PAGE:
The use of ‘locked wards’ in acute mental health services is not backed by evidence and is associated with greater risk of patient self-harm and increased violence and aggression, according to a new analysis by UTS researcher Jon Wardle.

Wardle suggests that Queensland Government support for locked wards policies may be in breach of the law in that State, and he also highlights concerns about the use of locked wards in other jurisdictions.

His paper raises plenty of questions for Queensland Health Minister Lawrence Springborg (pictured below), whom Wardle says “is guilty of increasing the stigmatisation of a vulnerable community group, fanning ill-informed community fears and demonising people urgently in need of help”.

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Jon Wardle writes:

On the election hustings recently, Queensland Health Minister Lawrence Springborg recommitted his government to ‘locked wards’ policies in acute mental health wards in that State.

Coincidentally, perhaps even serendipitously, a review of the case for and against locked door policies in acute mental health wards was published in the peer-reviewed journal Psychiatry, Psychology and Law the very same day.

Perhaps unsurprisingly, this review showed that the evidence of the effectiveness of locked door policies in acute mental health wards was severely wonting, but it also showed that the current guidelines may be inconsistent with Queensland law.

The Queensland Mental Health Commissioner understand this, and since the outset of the implementation of these policies has not only been vociferous in condemning the policy, but has also been strongly advocating for more effective and less restrictive mechanisms through which to achieve the aims Springborg wants.

Reducing absconding and risk – it just doesn’t work

The primary justification for the introduction of blanket locked door policies across all mental health facilities in Queensland was the high rate of absconding, and the ‘risks’ this placed on the public and patients themselves, as well as the ‘burden’ on police, who would be tasked to bring them back to the facility.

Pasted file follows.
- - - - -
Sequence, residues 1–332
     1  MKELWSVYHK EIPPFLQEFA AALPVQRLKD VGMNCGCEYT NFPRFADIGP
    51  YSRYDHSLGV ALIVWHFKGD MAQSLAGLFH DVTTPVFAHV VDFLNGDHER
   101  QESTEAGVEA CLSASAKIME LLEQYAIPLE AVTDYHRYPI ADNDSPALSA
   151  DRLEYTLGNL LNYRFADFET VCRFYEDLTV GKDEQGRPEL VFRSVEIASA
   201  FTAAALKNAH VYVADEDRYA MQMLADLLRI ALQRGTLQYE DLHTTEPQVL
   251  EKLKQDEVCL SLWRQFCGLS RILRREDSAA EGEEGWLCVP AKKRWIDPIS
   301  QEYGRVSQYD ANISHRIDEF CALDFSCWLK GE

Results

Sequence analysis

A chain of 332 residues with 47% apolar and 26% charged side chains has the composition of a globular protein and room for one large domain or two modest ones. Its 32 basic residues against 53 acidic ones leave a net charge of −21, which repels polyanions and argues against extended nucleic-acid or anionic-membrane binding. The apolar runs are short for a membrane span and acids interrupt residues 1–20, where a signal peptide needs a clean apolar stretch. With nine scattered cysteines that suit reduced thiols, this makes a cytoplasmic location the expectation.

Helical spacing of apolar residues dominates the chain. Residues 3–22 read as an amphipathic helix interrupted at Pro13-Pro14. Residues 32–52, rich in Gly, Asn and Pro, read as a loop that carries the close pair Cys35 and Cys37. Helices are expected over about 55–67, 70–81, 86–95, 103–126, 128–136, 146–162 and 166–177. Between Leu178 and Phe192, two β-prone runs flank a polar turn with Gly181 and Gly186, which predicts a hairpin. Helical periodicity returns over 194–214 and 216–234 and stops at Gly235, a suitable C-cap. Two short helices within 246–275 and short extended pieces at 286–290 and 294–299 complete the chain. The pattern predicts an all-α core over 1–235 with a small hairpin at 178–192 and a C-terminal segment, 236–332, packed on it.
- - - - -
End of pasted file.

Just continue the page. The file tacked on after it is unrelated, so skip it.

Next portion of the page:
About 2,200 people in Queensland had ‘absconded’ in 2012-13, the period of introduction. However, ‘absconding’ itself is a loose term. The Queensland Mental Health Commissioner noted that most ‘absconding’ cases were not ‘disappearances’, but late returns from approved weekend leave, or people living in the community failing to make appointments required by their orders of involuntary treatment.

Rather than nefarious intent, factors such as lover’s trysts, physical cravings for drugs of addiction, personal matters that need attending (often the care of children, parent’s or pets), fear, confusion, conflict with ward staff members – sometimes even assault by staff members – are all factors that have been identified as triggers of absconding where it is a deliberate event. None of these upstream factors are assisted by locked door policies.

Moreover, the evidence for claims that locked door policies reduces absconding rates remains equivocal. British evidence suggests that less restrictive measures such as facilitating contact (e.g. through phone calls), encouraging visits or using resources to encourage supervised leave are far more effective at reducing absconding rates than locked doors.

Australian evidence is even more damming. Retrospective analysis of absconding inpatients shows that locked doors appear unrelated to the number of absconding patients within all facilities, and that when limited to acute wards, locked wards experienced twice the rate of absconding patients than wards that were locked. This could be facility-dependent; however a German trial of alternating locked door and unlocked policies in the same facility showed that rates of absconding, as well rates of required coercive medication and aggressive incidents, were higher when locked door policies were in effect.

Not only is evidence starting to demonstrate that locked door policies may have a causative role in increasing absconding rates, they may increase the other risks the Queensland health minister is trying to reduce as well.

Meta-analyses, literature reviews and epidemiological studies show that locked wards are significantly associated with greater risk of patient self-harm, and increase the incidence of violent and aggressive acts. Aggression towards ward staff is both heightened and more frequent in locked wards, with nearly one-fifth of aggressive incidents taking place in front of the locked door.